Following a week of activities that included the deployment of an atmospheric satellite, evaluation tests of hardware and software to be used on the future International Space Station and work with numerous science and technology experiments, the STS-85 astronauts enjoyed some time off before they enter the home stretch of their 11-day mission.
Commander Curt Brown, Pilot Kent Rominger, Mission Specialists Jan Davis, Robert Curbeam, Steve Robinson and Payload Specialist Bjarni Tryggvason from the Canadian Space Agency were given a half day off as is normally done on longer shuttle missions to keep the crew well rested and operating at peak efficiency. The crew is in a nine-hour sleep period that began at 2:41 p.m.
This morning, Robinson again used the Southwest Ultraviolet Imaging System (SWUIS), a 7-inch imaging telescope that is pointed out of the orbiter’s middeck hatch window, to observe the Hale-Bopp comet. Curbeam continued his work with the Bioreactor Demonstration System designed to perform cell biology experiments under controlled conditions. Tryggvason spent part of his time troubleshooting a computer hard drive system that support the Microgravity Vibration Isolation Mount experiment.
As the shuttle crew entered the final portion of its flight, the new Mir 24 crew of Commander Anatoly Solovyev and Flight Engineer Pavel Vinogradov, who arrived on the station the same day Discovery was launched, bid farewell to Mir 23 Commander Vasily Tsibliev and Flight Engineer Alexander Lazutkin who are returning home after 185 days in space. The Soyuz vehicle carrying the Mir 23 crew home undocked from the station at 3:56 a.m. CDT. Following a four-minute deorbit burn at 6:22 a.m. and journey through the atmosphere, their spacecraft landed in Central Asia at 7:17 a.m. CDT. After Tsibliev and Lazutkin landed, they were flown to the Gagarin Cosmonaut Training Center outside of Moscow, where they will undergo medical exams and debriefings about their mission. They were reunited with their families shortly after returning to the Star City facility.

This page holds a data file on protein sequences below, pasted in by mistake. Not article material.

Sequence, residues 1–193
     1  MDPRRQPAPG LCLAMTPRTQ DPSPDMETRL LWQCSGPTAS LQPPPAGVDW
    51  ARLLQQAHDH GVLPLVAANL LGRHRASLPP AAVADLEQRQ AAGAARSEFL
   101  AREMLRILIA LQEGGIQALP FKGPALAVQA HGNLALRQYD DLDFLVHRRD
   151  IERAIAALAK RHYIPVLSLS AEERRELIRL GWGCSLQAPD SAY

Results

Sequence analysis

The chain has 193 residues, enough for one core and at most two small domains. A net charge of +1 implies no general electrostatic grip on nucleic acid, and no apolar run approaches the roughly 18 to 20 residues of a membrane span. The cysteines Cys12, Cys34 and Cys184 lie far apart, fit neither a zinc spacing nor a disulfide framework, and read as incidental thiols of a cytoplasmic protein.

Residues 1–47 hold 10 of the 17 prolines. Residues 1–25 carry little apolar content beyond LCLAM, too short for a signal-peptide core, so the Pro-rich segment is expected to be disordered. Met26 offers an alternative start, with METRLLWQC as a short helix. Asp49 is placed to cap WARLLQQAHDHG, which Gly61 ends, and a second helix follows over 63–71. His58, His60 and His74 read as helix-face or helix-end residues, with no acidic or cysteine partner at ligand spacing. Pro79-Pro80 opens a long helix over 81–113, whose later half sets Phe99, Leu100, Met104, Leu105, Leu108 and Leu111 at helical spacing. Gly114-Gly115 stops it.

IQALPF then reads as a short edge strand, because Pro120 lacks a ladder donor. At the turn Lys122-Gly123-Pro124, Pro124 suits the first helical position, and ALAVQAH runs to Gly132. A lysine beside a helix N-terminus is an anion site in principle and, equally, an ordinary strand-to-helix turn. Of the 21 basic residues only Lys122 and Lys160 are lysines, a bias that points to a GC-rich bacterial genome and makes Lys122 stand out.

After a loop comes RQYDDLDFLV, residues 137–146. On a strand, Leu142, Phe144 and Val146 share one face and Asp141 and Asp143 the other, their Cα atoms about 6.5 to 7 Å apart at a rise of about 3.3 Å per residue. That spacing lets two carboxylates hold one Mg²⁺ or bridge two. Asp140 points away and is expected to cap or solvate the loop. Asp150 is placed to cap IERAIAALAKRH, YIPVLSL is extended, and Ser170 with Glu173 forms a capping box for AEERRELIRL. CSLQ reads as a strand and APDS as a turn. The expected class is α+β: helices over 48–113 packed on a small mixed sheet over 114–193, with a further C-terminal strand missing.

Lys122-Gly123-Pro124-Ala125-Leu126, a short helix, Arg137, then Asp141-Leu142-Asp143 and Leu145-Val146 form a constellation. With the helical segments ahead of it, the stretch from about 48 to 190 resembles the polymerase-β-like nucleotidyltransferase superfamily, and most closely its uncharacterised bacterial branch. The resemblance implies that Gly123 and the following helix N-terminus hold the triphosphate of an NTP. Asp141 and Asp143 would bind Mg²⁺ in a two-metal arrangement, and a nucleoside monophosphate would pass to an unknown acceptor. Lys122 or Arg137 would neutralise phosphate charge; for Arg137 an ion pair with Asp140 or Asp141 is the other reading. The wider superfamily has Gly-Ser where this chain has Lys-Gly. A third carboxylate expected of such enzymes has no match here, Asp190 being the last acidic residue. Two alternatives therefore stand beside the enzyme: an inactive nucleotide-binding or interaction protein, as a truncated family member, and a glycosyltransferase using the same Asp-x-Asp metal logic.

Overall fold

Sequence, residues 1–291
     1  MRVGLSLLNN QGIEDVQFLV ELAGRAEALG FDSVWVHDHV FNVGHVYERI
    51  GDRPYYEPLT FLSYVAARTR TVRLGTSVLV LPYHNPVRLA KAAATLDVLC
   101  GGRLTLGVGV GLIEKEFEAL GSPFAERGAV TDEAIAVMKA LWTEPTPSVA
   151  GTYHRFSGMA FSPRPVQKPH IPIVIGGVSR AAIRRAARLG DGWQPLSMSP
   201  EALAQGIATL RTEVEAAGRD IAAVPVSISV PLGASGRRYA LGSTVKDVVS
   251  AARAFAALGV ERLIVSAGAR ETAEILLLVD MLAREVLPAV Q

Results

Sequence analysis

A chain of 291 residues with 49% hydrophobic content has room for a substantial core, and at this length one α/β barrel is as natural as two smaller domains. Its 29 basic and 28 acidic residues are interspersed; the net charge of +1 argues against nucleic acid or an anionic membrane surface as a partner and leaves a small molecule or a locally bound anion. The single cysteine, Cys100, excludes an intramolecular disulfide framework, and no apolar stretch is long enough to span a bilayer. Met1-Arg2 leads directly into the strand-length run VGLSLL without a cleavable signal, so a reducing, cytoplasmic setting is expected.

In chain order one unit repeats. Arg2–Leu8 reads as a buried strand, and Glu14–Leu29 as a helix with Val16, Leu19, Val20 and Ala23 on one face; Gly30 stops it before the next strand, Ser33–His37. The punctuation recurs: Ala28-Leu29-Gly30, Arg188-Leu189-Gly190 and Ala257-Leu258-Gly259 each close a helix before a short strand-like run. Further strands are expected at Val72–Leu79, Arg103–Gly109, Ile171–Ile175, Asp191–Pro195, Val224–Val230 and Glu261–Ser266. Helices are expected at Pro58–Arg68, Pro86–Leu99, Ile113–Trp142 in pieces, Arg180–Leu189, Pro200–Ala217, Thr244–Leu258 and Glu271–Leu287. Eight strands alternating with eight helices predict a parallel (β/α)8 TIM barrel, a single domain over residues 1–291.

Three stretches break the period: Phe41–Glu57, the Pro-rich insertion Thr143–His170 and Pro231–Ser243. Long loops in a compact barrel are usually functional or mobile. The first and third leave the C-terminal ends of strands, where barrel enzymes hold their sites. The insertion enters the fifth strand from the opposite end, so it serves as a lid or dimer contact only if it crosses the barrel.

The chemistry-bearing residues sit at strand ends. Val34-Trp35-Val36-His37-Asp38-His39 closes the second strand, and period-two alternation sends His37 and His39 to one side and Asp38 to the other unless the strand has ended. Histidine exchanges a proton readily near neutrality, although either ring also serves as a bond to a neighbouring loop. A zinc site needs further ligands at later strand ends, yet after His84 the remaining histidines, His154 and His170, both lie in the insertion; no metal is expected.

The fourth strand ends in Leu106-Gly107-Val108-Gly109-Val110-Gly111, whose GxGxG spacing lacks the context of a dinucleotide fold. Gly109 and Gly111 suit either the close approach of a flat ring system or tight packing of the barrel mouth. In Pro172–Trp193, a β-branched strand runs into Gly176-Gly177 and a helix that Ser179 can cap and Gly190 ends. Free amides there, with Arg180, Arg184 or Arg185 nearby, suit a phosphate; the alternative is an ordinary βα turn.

When the Discovery crew resumes full-up operations Friday, it will have one additional experiment activity. Mission managers have approved a plan to conduct further ground commanded maneuvers of the small mechanical arm associated with the Manipulator Flight Demonstration payload that were not completed during yesterday’s testing session. The STS-85 astronauts are scheduled to receive a wake-up call from Mission Control at 11:41 p.m. tonight to begin their ninth day of on orbit activities.
The next scheduled mission status report will be issued about 6 a.m. on Friday morning.
- end -